"It's time for a walk. Are you ready?" Perhaps the single most important lesson to teach a dog is how to walk on a leash and be controlled. The best time to begin training is when your dog is a puppy, because he will want to be going with you anyway. There are many character types in dogs. Some never put a foot wrong while others pose a challenge to their owners or anyone else on the controlling end of their leashes.
The "pullers" or "chargers" are domineering and, typically, lead their owners. They are the dogs who know where they are going and can't wait to get there, dancing on two legs at the end of their leashes and practically choking themselves. They require good timing in restraint to get them to listen to you and go where you lead them. Tip: Bring them up "short" as they hit the full length of the leash; bring them back to your side and relax the contact of the leash as their reward (this is especially true if you use a choke collar) and praise them a lot when they understand.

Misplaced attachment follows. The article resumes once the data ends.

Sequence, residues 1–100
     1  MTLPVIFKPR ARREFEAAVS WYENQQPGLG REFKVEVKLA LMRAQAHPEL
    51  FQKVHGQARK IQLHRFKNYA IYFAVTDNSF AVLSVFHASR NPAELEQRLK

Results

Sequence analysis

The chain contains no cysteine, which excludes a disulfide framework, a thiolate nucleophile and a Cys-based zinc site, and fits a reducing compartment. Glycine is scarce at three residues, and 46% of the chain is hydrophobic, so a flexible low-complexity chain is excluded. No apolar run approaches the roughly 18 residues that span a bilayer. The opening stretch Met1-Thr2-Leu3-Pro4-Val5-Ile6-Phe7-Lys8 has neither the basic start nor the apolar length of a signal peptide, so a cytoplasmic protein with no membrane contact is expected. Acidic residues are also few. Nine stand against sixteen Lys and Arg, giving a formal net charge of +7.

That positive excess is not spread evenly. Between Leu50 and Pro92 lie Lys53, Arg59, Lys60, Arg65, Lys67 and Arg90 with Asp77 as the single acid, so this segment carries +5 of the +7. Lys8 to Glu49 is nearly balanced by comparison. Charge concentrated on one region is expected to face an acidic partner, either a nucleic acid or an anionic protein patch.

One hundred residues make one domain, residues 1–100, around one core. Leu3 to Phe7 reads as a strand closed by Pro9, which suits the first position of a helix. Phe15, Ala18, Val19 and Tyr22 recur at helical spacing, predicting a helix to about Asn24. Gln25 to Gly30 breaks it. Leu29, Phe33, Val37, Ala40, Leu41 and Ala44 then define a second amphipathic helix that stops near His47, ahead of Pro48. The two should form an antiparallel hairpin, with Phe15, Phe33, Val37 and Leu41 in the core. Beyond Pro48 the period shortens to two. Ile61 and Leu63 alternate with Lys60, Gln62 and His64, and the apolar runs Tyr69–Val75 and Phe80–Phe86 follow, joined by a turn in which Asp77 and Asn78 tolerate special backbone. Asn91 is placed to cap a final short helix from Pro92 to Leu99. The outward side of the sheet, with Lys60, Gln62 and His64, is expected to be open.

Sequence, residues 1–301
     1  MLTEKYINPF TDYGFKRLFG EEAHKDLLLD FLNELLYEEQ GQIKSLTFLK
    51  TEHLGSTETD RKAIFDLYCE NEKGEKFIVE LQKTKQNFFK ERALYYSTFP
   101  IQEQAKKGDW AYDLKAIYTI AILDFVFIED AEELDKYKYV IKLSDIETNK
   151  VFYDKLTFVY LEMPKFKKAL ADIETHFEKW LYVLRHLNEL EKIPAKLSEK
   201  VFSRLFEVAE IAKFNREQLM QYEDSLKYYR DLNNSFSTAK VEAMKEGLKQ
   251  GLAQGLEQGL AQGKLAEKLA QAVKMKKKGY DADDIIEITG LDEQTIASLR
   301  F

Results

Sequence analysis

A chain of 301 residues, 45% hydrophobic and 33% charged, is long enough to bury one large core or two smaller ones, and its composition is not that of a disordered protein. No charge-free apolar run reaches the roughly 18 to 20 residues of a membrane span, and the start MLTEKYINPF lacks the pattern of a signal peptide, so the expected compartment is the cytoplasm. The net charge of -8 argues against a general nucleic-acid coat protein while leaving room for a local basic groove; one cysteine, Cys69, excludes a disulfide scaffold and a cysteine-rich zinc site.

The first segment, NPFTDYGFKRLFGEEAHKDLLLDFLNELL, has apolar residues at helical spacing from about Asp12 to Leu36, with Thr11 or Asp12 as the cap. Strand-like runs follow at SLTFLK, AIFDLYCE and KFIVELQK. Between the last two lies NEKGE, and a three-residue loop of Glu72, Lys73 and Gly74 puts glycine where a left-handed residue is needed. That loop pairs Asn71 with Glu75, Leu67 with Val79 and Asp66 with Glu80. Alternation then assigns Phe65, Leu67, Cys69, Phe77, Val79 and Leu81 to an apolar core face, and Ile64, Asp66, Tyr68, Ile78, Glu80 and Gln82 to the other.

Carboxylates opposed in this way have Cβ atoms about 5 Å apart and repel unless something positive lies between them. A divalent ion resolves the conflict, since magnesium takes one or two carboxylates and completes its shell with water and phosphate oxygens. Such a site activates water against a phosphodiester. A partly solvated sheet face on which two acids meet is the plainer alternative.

The "I'll follow you's" are, of course, easy dogs to lead as they are already in the habit of following you around. As some Norfolks too easily mis-learn that "hanging back" earns a reward, treats are a last resort; the exception of course is with a puppy his first time on a leash. You need only encourage your pet to come walk by your side with little rewards of friendly pats.
The "balkers", "I think I'll stop right here", or "You go, I'll stay" types just need time, patience, and food or a toy to coax them forward for them eventually to walk with you. Since they generally dislike anything around their necks, let alone a control device, use a soft, wide collar and medium length lead for training purposes. A wide collar is less likely to hurt the windpipe, or throat, of the dog in the event you need either to pull him along or up short.
Barbara R. Ege
ANTIC, Fall, 1994
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